DENVER, Aug. 29 (UPI) -- "Rage rooms" have sprung up across the world, and owners in the United States say women make up most of the customers who pay for the cathartic entertainment of bludgeoning inanimate objects with a baseball bat.
"Most of my clients are women," said Jeffrey Yip, co-owner with his wife, Elizabeth, of The Rage Cage, situated in a Brooklyn, N.Y., strip mall.
Visitors to The Rage Cage pay $44.99 for a half-hour session to don full-body coveralls, helmets with eye protection and gloves. They then use bats, crowbars and shovels to smash plates, glasses and old computer equipment, often to blaring heavy metal music. There's even a rig on the wall to record everything on your cell phone.
"For women it seems especially stress relieving," Yip said. "There are not a lot of stress relief outlets for women that they can do and enjoy their privacy."
The Brooklyn rage room, which calls itself a "destruction services provider," accommodates parties up to 12 in two rooms, and has been used for work retreats, bachelorette parties and de-stressing sessions.
"We have no judgement and we maintain our clients' privacy," Yip said. "Some people come in with pictures of their ex or their boss."
The rage room trend appears to have been documented first in Tokyo in 2008 during the depths of the Great Recession. Since then, the concept, also called break rooms, smash rooms and venting places, has spread around the world and to many U.S. cities.
"My brother tried it in Australia, and we decided to open one here in Denver," said Dustin Gagne, co-owner of Smash*It, whose home is an old meat-packing warehouse.
The brothers grew up in small towns in New Hampshire where "we went out to the back yard and hit stuff with baseball bats and sledge hammers," Gagne said. It's not meant to be official therapy, Gagne insists, but rather a way to blow off steam and have a fun experience.
What better day for a woman to rage in a rage room than Valentine's Day?
Los Angeles comedienne and author Amber Hubert decided to try a rage room with her husband this year.
"This feels like it should be illegal," her husband told her as they used lead pipes to obliterate crockery, vases and computer terminals.
The catharsis made Huber realize that for women, "we're not supposed to be angry. Guys have permission," she said.
As the couple hammered inanimate objects to loud music for 25 minutes until a timer buzzed, Hubert said she mulled thoughts about a family feud, a recent job layoff and the difficulty of her life in Los Angeles.
But afterward, she said, she was surprised by the feelings the smash room evoked.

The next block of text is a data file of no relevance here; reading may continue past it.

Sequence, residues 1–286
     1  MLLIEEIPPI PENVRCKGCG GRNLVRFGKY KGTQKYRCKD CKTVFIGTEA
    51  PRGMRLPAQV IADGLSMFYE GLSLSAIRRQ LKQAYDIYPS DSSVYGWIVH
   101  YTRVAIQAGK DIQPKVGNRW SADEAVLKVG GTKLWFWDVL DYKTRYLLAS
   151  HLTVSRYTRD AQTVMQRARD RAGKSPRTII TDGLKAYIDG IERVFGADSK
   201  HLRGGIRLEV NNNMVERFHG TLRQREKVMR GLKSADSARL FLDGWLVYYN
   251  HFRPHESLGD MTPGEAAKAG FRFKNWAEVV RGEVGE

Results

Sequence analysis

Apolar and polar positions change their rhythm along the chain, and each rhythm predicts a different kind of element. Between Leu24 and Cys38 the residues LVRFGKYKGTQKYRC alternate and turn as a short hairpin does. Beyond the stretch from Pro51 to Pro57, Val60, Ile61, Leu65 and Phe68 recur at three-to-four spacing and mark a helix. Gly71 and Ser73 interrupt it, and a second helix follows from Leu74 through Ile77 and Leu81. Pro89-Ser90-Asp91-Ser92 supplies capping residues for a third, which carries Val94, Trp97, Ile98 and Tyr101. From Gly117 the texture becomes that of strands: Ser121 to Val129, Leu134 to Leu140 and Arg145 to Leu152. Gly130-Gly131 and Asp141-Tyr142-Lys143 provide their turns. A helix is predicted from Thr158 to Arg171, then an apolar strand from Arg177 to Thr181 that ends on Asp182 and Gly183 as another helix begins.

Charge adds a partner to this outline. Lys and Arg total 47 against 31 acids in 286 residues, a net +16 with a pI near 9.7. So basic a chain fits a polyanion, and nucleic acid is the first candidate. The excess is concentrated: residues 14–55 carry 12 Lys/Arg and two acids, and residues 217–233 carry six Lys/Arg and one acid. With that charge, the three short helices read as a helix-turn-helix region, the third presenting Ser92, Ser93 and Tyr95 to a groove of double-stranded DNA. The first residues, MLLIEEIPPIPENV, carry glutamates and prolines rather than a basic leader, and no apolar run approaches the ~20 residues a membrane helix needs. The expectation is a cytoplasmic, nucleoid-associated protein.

"Even though it's fun to smash things, usually for me, anger is a mask for sadness," she said. "I felt a little relief and all the endorphins, and I also felt open and vulnerable like I could have just cried."
At Smash the Rage in Miami, the female owners cater to their female frequent customers. The company also provides paint-gun sessions for children.
"We think more women come to the rage room because women have to live up to the expectations of a perfect housewife and have to take care of themselves plus their kids and their spouse, but no one takes care of them," co-owner Kathy Barrios said in an email.
"Women hold it all in, [while] men are more expressive physically. ... They already have the gun range and the walls to punch, but women appreciate breaking glassware and home items because it's a physical form of expression they can relate to."
But do these experiences really work to reduce anger? Howard Kassinove, professor emeritus of psychology at Hofstra University in New York says the science says no. The author of Anger Management for Everyone points out that strong anger is associated with heart attacks and actually reinforces itself and causes more anger.
Other studies show that anger causes increased inflammation in the elderly, which is linked with conditions such as heart disease, cancer and arthritis.
"Is it 'fun' to break objects? Sure, in the very short run," Kassinove wrote in an email. But he worries that practicing rage behaviors will likely make the person "more proficient at acting ragefully."
"If our goal is to develop a fair and just society, we have to learn how to deal with frustration and adversity with pro-social reactions such as discussion, assertiveness, problem solving, relaxation, forgiveness and so forth," he wrote.
He said no official therapeutic anger management program would send a client to a rage room to reinforce raging behavior.
"Those who send angry and aggressive friends and family members to rage rooms would be wise to know that 'the next object broken could be your head,'" he wrote.
Still, for entertainment, businesses are capitalizing on the experience of destruction.
"[It's] is not just breaking things up with a sledgehammer," Smash the Rage says on the company's website. "It's an opportunity to experience new feelings of freedom and allow yourself to rage from the heart without being scolded for the broken things in the house."